• Creative Work Wanted for New Build at Austin Airport

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    Attention creative people. According to Culture Map, Austin-Bergstrom International Airport is expanding, and Art in Public Places (AIPP) is looking to keep the new section weird with designs and artwork.

    They are placing a national call to commission a professional. This is not a small time pro-bono project. This is a chance to make a mark and earn some well deserved recognition.

    AIPP is hosting an information session for anyone interested. The meeting will be at 2:30pm on Monday, June 17, and will be simulcast as an interactive webinar. Check in with AIPP during their office hours for assistance.

    Check out the Culture Map article here.

  • Book Covers Transform Into Packages To Send To The Homeless

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    In a partnership with the book publisher Random House Australia, creative agency BMF devised the ‘Mailbooks for Good’ initiative, which encourages donations of books. Specially-designed dust jackets enable readers to mail the books to charity when they are finished with them. Get the details here.

    Article by: Emma Hutchings, PSFK

  • Fake Subway Ads Critique Reality TV

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    Toddlers in Tiaras, Real Housewives of Everywhere, Honey Boo Boo… American television is in a quite a state these days. While there is quality to be found (if you’re looking), the majority of shows that dominate our airwaves are of the ‘reality’ genre – real shows about real people living scripted lives. A marketing campaign for local New York PBS station Thirteen is addressing this sad fact, placing ads for fake reality television shows on the subway to catch commuters’ eyes and hit them on the head with the message: the shows you are watching are crap. See the rest of the campaign here.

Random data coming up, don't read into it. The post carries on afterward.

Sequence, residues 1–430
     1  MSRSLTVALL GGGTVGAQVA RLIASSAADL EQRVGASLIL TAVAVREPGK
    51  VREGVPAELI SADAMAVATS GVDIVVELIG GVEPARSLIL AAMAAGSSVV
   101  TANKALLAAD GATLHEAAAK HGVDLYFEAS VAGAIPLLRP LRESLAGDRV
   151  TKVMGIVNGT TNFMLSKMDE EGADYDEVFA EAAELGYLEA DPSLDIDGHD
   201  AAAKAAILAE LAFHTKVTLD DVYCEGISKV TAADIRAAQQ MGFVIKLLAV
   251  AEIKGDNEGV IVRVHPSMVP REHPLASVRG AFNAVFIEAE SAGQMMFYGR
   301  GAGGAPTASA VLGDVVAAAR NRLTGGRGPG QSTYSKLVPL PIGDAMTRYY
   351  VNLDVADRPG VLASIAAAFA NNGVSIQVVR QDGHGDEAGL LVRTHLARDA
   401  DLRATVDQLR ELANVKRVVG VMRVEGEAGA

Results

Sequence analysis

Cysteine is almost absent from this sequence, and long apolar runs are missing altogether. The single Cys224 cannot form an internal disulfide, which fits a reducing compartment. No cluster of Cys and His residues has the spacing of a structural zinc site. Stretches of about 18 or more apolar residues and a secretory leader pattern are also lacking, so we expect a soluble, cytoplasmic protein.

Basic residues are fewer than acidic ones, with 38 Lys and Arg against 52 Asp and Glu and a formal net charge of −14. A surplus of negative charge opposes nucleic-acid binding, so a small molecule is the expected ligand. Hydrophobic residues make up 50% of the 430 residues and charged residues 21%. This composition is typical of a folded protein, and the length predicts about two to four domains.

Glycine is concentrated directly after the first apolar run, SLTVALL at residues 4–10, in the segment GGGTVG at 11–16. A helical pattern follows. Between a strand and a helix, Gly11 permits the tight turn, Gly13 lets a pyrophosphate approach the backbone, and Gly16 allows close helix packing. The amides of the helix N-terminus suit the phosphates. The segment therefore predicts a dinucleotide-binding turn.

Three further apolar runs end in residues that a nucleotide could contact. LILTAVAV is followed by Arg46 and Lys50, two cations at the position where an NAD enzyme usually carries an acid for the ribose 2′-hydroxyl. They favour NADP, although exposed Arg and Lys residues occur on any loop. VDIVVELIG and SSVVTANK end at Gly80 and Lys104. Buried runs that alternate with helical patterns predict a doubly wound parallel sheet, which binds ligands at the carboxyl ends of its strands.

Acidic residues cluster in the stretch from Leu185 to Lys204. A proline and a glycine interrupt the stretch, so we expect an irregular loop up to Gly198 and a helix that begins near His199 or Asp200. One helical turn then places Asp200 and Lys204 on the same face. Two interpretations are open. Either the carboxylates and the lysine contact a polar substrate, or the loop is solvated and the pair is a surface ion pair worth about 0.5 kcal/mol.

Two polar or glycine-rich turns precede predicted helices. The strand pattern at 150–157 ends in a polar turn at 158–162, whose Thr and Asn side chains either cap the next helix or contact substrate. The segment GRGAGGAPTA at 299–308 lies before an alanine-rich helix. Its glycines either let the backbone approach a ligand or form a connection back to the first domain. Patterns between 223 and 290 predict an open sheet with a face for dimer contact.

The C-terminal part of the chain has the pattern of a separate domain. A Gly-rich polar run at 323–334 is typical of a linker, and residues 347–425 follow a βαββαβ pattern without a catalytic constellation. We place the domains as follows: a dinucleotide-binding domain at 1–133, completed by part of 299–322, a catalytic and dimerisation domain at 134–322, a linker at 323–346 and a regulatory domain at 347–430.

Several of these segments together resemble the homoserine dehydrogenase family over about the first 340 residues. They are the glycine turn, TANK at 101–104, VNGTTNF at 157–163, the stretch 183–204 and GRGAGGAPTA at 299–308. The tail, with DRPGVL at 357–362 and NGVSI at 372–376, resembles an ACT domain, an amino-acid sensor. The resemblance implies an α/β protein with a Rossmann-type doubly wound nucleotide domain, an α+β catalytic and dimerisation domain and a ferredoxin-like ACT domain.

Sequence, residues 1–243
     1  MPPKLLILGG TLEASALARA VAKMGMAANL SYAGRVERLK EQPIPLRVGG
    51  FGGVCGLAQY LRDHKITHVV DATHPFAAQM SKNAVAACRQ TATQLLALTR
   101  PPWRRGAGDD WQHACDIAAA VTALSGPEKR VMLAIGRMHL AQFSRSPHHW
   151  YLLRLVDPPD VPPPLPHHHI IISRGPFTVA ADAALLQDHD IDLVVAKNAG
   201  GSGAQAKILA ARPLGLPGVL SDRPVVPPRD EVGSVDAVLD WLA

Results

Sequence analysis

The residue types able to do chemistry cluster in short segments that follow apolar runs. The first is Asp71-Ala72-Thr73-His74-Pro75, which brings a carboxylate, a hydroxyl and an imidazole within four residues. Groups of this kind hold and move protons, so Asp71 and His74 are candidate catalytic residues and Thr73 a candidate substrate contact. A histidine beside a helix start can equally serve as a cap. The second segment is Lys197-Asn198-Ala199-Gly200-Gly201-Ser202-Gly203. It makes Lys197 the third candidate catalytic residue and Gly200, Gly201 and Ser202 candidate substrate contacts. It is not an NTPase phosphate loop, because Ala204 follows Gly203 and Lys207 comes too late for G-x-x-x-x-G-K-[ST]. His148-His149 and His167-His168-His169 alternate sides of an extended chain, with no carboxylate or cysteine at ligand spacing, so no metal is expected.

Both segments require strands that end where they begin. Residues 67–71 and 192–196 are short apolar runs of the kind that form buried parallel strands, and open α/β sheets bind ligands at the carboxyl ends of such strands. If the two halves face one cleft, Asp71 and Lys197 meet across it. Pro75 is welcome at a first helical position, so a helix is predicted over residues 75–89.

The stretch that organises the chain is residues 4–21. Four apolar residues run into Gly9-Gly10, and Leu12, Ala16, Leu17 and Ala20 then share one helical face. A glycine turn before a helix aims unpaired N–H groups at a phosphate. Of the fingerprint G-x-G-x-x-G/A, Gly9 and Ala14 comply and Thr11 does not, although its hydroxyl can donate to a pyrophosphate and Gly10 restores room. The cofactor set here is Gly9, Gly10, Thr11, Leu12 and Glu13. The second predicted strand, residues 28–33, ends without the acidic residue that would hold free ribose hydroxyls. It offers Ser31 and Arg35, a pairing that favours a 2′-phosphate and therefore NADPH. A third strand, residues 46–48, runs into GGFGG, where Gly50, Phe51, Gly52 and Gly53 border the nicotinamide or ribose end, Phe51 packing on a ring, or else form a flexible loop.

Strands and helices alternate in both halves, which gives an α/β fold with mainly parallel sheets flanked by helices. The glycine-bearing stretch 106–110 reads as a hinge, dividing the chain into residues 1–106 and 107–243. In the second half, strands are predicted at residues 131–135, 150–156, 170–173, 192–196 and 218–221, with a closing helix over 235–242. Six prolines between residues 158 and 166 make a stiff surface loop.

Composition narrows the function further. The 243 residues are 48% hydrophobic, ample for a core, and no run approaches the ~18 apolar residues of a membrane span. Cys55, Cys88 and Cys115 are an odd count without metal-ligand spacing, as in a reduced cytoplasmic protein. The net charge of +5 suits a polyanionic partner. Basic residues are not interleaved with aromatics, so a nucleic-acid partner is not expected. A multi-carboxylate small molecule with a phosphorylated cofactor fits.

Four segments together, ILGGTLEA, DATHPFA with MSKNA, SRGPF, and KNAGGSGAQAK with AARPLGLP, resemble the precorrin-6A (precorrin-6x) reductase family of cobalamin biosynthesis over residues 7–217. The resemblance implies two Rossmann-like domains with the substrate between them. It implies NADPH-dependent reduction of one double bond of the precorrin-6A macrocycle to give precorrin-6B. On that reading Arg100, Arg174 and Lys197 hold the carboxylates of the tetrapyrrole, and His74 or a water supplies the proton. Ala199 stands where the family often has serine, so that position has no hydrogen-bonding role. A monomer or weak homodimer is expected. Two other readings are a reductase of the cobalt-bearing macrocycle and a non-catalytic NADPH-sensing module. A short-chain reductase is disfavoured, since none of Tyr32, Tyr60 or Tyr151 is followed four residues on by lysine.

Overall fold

Article by: Daniela Walker, PSFK

  • American Athletic Conference gets a logo

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    The new AAC recently unveiled their new brand.

  • Billboard creates tempest in a teapot for J.C. Penney

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    Is this a case of some California drivers calling the kettle, well, Hitler?

    A billboard in California has caused a stir on social media because some drivers on the 405 freeway near Culver City complained it looked more like the World War II Nazi leader Adolf Hitler than the $40 Michael Graves-designed tea pot that it is.

    Gawker.com reported that the teapot scandal first was brought to light on the social website Reddit. So far, a request by the DBJ for comment from Plano-based J.C. Penney Co. Inc. (NYSE: JCP) has not been answered.

    But J.C. Penney did take to Twitter with this response: "Totally unintentional. If we'd designed the kettle to look like something, we would've gone w/a snowman :)"

    Article by: Lance Murray, Dallas Business Journal

  • Big Gas

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    Kmart is at it again.

  • Introducing Beardvertising: Tiny Billboards That Clip on to Your Beard

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    I'm not sure which is more disturbing—the hirsute images that adorn the Beardvertising site from Kentucky ad agency Cornett-IMS, or creative Whit Hiler's use of the work "mancessory" to describe such facial hair. You might recall Hiler from past wacky ventures such as conquering Reddit with fake fliers (including a meetup to recreate scenes from Human Centipede—"Guys only") and crafting a tourism campaign that was presumably too "kick-ass" for the Bluegrass State. Here's his latest pitch: "Do you wanna get paid for having an epic beard? Of course you do. Join the world's first Beardvertising network. Get paid. It's simple—turn your beard into a business. Just like Duck Dynasty. Hang a BeardBoard (Patent Pending) in your beard. Sit back and get paid up to $5 per day." So far, A&W Restaurants and Eagle One Automotive have slapped their messages on Beardvertising mini-billboard clips. Maybe Schick, Gillette, Old Spice and DollarShaveClub.com should join in to cut through the clutter and carve out some unique ad space.


    By: David Gianatasio, Adweek

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